Data presented in the paper "Consumer and host body size effects on the removal of trematode cercariae by ambient communities"
datasetposted on 11.06.2019, 00:00 by J. (Jennifer) Welsh, A. (Anke) Hempel, M. (Mirjana) Markovic, J. (Jaap) van der Meer, D.W. (David) Thieltges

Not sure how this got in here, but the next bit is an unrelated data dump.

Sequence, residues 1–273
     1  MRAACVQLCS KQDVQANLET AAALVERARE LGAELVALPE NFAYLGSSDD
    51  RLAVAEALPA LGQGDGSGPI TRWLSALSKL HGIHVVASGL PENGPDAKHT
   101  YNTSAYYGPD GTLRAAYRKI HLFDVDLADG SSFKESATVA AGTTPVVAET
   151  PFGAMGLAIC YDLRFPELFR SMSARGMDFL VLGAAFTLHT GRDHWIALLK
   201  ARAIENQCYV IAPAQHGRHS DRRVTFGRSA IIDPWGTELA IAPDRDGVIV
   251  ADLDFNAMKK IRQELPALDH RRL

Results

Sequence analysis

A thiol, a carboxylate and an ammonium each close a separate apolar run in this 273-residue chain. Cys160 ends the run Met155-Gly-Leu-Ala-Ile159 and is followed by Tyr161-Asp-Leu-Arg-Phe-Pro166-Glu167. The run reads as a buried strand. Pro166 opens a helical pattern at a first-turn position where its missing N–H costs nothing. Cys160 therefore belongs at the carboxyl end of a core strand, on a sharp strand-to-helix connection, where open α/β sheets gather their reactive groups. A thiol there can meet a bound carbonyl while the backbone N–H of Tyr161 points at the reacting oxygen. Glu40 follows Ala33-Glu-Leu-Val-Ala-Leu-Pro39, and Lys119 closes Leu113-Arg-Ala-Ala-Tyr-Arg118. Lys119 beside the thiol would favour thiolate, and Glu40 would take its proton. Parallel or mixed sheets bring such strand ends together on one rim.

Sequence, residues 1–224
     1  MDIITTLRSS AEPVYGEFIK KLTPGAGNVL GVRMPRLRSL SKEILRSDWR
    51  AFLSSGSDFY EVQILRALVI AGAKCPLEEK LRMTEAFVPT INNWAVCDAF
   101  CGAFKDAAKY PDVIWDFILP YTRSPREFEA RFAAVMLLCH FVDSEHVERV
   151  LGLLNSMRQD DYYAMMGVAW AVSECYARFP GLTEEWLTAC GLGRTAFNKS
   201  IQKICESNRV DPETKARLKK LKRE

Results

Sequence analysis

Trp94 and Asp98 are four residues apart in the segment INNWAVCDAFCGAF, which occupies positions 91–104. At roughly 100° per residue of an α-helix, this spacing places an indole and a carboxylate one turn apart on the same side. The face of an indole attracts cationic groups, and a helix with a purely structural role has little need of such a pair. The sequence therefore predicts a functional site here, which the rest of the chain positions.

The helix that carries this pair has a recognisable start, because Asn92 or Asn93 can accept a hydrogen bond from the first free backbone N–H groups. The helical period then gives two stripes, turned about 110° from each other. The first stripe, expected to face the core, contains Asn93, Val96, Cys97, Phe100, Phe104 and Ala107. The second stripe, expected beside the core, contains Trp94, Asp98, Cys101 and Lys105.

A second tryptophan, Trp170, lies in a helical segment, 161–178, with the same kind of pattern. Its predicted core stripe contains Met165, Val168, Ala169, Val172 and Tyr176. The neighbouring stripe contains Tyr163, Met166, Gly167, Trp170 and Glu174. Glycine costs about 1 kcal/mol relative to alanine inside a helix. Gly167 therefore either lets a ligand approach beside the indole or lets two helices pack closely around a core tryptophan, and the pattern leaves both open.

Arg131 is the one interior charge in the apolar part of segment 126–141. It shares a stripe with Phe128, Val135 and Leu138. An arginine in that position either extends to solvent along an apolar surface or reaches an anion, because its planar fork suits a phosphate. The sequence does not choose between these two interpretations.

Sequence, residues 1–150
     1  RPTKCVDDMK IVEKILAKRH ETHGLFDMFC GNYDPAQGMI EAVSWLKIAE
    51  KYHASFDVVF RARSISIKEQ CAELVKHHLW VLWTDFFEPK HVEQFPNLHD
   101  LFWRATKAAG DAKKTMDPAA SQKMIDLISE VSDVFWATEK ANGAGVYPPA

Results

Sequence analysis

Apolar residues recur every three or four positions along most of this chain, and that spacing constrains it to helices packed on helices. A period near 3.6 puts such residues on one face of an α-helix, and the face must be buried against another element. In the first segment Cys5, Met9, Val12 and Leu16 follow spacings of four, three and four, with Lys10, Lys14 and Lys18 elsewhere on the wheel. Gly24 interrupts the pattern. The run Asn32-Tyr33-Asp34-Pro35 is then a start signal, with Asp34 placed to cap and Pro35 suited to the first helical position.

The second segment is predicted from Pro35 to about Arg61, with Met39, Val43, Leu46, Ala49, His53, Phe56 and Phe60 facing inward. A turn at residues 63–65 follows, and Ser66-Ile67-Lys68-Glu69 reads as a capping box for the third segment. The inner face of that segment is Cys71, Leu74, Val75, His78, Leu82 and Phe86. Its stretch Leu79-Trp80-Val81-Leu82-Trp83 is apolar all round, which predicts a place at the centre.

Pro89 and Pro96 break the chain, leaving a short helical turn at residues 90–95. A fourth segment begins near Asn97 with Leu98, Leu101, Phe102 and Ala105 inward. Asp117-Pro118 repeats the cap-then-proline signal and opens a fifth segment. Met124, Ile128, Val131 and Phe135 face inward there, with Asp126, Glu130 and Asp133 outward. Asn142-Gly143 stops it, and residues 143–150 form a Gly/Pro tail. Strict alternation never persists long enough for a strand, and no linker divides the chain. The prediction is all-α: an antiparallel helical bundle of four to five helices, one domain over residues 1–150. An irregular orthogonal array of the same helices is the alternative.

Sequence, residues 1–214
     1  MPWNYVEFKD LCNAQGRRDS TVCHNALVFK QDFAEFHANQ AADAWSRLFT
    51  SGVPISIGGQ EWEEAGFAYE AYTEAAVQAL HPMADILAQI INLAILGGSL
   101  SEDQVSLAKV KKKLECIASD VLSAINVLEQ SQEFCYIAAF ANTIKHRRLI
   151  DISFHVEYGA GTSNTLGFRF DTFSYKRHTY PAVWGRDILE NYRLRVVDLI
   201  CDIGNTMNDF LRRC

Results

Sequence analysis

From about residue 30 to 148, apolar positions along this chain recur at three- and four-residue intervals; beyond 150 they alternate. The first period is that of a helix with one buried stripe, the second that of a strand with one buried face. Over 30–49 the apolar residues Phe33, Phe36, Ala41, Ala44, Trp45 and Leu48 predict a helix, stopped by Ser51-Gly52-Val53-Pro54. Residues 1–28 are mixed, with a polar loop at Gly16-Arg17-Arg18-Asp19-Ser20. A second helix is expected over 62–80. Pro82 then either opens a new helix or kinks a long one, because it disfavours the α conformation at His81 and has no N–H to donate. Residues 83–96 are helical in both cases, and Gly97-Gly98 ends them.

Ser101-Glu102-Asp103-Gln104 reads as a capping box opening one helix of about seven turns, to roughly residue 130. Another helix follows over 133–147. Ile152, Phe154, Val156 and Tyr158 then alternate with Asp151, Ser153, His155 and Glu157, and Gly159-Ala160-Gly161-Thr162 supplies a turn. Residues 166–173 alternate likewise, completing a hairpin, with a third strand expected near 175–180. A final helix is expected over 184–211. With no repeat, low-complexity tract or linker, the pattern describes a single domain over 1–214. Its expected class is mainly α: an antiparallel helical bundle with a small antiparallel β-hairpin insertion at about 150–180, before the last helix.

Summary of experiment: Four intertidal species known to interfer with the transmission of hinasthla elongata cercariae were tested to see if their body size affects the number of cercariae removed. One individual was The effect of dilutor size on removal rates of cercariae was investigated in laboratory experiments by determining removal rates of five size categories of each dilutor species (Table 1). In addition, a sixth treatment without dilutors served as a control to account for potential loses of cercariae due other factors (knowing the number of added cercariae was 50) and to test for the presence of a dilution effect (control vs. dilutor size treatments). The experiments were conducted in four separate runs, with each run testing removal rates of a single dilutor species (one individual each; 6 replicates per treatment, Table 1). Each replicate consisted of a 2 l aquarium filled with 1500ml of filtered seawater and was randomly placed in a single climate controlled room ( 18.5°C ± 0.2°C). All organisms were starved and kept in the experimental aquaria for 24 hours to allow for acclimation . After acclimation, 50 cercariae (see above) were added to each replicate and left undisturbed for 3 hours. This time period ensured full swimming ability of cercariae, which is known to decrease after 8 hours (Studer and Poulin 2013; Thieltges and Rick 2006). At termination, the test organisms were quickly removed from the aquaria using long forceps. and the water from the aquaria was sieved using a 25µm sieve. The retained cercariae were backwashed into individual 100ml pots which contained 10ml of 99% ethanol for fixation and 0.5ml Rose Bengal for staining. Cercariae were later enumerated under a light stereomicroscope. In addition, all cockles were dissected under a light microscope and metercariae counted to determine infection intensity. This allowed to distinguish actual cercarial removal from cercarial loss due to infections. The data was analysed in R using a GLM with log link (see tab entitled "Model and R script"). The most complex model (M1 or M2) was tested against the least complex model (the Null model). Significances between models suggested that there was either a significant reduction int eh number of cercariae removed (compared to control) or that the size of the predator had a significant effect on the number of cercariae removed.